Africa is the world’s second largest continent – and yet it today accounts for less than four percent of global emissions, according to the International Energy Agency (IEA), and almost zero percent of historical emissions.
Climate justice demands that those responsible for causing the crisis must be held accountable, and those most affected must get adequate support to adapt to the problems and mitigate them.
I come from a small town in western Kenya called Iten. Agriculture is the backbone of my community’s economy. My siblings and I had it easy at school because our parents could sell their farm produce after the harvest season to supplement the income from their day jobs and thus never struggled to pay our school fees. In schools in rural Kenya, sometimes parents have the option to provide food (a bag of maize and beans) for the school meals instead of paying the full amount of school money. This is supposed to help them pay the subsidised fees. However, last year, for example, they lacked crop to do so because of delayed rains.
Weather patterns have changed drastically in Kenya, threatening our most important livelihood. Our country depends on rain-fed agriculture. Farmers keep suffering losses due to the unpredictable weather conditions. They have no one to turn to for compensation and they do not know enough about the impacts of the climate crisis to try to address it.
Northern Kenya is currently suffering from a drought that is causing massive cattle deaths. Livestock is the main source of income for the pastoralist communities living in this region. As a result, we now see children suffering from malnutrition on a daily basis, women travelling miles to find water for their families and families taking turns to eat in shifts, doing their best to cope with food insecurity.
In many parts of the country, on the other hand, the rainy season brings the threat of raging floods and with it the loss of shelter, disease and death, rather than the prospect of a successful harvest.
Climate justice requires a number of changes at global and national levels. For example, we need a paradigm shift from energy systems based on fossil fuels to more sustainable and renewable energies such as wind and solar power.
According to the International Trade Administration, a US government agency, Kenya’s electric power use is 81 % renewable energy. In transport and household usage, including fires for cooking, there is still much room for improvement. Most Kenyans use wood, dung, charcoal or kerosene for cooking. Measures for clean and efficient household energy would therefore benefit both health and the environment by generating more renewable energy for electricity that can be used for cooking and other household purposes. Lacking funds are the main bottleneck here. Africa has great potential for the generation and provision of renewable energy, but this can only be tapped if the corresponding financial resources are made available.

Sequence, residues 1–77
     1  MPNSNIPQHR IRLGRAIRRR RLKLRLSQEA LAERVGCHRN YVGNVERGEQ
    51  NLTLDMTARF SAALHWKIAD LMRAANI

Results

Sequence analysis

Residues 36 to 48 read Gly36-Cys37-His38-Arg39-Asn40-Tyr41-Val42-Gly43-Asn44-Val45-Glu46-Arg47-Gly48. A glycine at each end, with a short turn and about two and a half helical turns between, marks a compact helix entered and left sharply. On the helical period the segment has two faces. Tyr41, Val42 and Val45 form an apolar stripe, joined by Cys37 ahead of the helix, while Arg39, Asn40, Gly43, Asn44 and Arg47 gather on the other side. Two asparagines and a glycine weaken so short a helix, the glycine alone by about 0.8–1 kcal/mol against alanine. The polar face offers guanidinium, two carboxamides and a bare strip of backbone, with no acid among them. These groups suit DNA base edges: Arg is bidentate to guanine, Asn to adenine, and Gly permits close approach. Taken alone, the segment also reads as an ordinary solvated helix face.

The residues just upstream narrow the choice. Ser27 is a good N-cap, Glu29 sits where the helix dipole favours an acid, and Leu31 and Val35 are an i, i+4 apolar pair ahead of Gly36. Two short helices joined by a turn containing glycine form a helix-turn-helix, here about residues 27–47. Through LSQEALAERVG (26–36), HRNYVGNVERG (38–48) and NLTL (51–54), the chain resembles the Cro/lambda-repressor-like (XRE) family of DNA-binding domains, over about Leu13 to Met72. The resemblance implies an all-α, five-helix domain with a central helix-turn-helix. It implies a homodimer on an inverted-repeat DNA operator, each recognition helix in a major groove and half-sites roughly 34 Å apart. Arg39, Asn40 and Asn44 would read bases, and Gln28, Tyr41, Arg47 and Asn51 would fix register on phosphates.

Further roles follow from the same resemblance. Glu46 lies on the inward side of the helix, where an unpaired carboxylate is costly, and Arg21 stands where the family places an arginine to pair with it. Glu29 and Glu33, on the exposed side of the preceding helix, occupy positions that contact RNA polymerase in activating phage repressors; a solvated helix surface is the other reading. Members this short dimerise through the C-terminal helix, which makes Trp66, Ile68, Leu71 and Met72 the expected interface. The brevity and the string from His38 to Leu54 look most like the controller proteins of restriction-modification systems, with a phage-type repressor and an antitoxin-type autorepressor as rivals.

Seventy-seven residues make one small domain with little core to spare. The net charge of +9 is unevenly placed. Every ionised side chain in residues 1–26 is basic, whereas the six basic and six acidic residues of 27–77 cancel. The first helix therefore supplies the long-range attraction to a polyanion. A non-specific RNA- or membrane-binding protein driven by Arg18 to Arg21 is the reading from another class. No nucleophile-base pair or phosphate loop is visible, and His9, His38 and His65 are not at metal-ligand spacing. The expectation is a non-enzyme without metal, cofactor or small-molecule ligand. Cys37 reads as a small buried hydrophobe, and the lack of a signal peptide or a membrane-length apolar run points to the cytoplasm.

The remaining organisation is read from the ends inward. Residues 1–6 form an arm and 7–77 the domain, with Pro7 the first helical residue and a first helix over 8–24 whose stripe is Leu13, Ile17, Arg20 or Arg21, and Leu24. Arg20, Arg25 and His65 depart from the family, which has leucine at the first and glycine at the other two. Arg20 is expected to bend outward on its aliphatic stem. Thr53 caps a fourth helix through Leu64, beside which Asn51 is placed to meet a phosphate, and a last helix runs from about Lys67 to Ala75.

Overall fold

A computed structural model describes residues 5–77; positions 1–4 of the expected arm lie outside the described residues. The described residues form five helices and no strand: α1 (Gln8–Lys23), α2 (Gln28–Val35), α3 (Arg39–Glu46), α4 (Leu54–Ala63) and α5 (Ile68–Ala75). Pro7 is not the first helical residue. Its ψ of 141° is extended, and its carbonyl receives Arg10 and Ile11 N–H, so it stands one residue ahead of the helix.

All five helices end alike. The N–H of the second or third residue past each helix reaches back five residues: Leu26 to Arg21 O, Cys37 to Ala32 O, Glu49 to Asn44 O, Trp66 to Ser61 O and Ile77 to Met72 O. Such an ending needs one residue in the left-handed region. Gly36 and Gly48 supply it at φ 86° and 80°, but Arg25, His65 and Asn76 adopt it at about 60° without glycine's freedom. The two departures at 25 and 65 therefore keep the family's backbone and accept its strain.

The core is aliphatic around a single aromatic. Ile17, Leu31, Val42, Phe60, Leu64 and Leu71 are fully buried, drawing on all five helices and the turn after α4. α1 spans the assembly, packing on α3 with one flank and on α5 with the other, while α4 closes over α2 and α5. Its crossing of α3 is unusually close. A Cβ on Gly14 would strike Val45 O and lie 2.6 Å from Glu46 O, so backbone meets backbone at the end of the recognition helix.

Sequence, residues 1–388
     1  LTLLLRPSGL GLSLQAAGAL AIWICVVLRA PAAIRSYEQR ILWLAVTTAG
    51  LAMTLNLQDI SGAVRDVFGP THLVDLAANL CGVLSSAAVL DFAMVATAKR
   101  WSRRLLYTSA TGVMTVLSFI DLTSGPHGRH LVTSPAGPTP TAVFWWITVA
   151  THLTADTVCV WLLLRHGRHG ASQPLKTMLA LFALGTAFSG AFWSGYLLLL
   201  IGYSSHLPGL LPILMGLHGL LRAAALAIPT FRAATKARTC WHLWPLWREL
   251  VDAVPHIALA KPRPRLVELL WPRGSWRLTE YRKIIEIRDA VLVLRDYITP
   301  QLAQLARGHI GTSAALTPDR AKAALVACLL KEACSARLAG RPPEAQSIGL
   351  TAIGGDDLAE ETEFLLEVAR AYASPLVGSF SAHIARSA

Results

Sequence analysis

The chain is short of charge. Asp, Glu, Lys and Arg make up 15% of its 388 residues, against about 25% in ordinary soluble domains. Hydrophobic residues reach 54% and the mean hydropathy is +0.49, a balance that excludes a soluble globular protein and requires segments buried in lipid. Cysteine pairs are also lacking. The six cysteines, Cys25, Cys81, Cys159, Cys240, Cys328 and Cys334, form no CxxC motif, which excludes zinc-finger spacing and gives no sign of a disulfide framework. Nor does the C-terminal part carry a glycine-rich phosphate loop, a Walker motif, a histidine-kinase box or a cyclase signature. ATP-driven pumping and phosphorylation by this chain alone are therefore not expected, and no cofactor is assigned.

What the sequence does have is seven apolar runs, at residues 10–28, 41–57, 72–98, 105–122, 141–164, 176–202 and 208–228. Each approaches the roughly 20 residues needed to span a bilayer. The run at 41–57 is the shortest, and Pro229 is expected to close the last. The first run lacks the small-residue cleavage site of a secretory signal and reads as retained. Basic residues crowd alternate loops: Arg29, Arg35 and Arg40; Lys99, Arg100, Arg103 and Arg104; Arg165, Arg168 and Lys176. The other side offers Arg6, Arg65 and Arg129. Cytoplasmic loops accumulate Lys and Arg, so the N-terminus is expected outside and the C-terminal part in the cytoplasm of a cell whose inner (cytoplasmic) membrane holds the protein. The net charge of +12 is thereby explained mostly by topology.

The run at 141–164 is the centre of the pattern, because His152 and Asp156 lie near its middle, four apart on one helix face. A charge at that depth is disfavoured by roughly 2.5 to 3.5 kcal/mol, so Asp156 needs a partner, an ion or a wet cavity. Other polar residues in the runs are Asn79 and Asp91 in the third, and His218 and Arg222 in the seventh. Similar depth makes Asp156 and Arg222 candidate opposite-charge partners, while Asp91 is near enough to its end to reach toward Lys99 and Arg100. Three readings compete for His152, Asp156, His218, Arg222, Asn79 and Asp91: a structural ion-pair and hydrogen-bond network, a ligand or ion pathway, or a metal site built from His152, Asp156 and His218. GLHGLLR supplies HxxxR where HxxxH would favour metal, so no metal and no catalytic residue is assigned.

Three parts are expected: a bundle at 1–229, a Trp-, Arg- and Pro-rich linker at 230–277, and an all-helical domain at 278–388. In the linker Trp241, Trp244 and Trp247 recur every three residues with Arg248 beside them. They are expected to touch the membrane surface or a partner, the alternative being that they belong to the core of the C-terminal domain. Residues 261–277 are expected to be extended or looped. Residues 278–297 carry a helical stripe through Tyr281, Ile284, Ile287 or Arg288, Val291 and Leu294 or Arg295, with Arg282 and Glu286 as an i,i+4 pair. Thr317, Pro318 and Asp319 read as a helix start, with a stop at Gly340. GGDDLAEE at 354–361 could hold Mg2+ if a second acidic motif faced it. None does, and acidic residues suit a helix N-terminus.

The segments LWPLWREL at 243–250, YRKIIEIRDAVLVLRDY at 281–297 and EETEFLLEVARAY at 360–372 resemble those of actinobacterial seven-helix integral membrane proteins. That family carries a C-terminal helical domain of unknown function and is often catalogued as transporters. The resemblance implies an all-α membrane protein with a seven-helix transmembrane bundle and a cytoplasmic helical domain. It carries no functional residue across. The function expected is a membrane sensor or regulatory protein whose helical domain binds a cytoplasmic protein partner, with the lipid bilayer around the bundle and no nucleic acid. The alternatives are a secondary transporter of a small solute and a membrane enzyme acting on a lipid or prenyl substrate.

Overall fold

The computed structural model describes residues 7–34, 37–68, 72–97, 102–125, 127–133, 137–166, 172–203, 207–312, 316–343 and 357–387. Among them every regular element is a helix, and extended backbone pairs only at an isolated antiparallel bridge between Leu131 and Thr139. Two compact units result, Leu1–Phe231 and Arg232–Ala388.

Communities are at the forefront of climate change
Over the years, we have failed to implement policies and regulations that hold companies and governments accountable for emissions and the resulting climate damage. Action has become more urgent than ever. The communities at the forefront of climate change continue to suffer extreme weather disasters, with little or no ability to recover. The lack of accountability and delivery on promises made at global climate summits is compounding the problems.
One of the pressing challenges in Kenya is the unequal distribution of resources, which leaves many communities vulnerable. For communities to cope, we need more investment in infrastructure, such as water-storage systems and irrigation.
There is also a need for greater investment in education and training. Communities must understand the impacts of climate change in order to see how they can deal with them. It is problematic that they have always been portrayed as victims rather than agents of change. It is imperative to empower and educate those who are disproportionately affected, including women and other marginalised groups.
Climate fear among the youth
The young generation has currently inherited the worst effects of the climate crisis due to the inaction of the older generation. Countless young people suffer from climate anxiety because they do not know what the future will actually look like. Policy frameworks have proven to be inefficient and insufficient when it comes to creating a safe planet and a world worth living in for this generation and, even worse, for the generations to come. Those who have made profits from fossil-fuel development do not have to live with its consequences as long as we young people do.
As far as the United Nations Framework Convention on Climate Change (UNFCCC) process is concerned, progress was made at the UN Climate Summit in Egypt with the establishment of a loss and damage fund. But it cannot stop there.
We need a mechanism to ensure that the outcome of the two major collective goals of past climate summits – the old pledge by high-income countries to mobilise $ 100 billion annually to support low- and middle-income countries and the new loss and damage fund – are accessible to the vulnerable communities that need them most.
Climate justice means that the high-income countries responsible for this crisis finally deliver on their promises. They must provide the financial resources we need to adapt and transition to a green economy with sustainable livelihoods. Climate justice means that policymakers fully recognise that climate impacts exceed the capacity of many communities to adapt – and show real solidarity by ensuring that funding flows to communities like mine.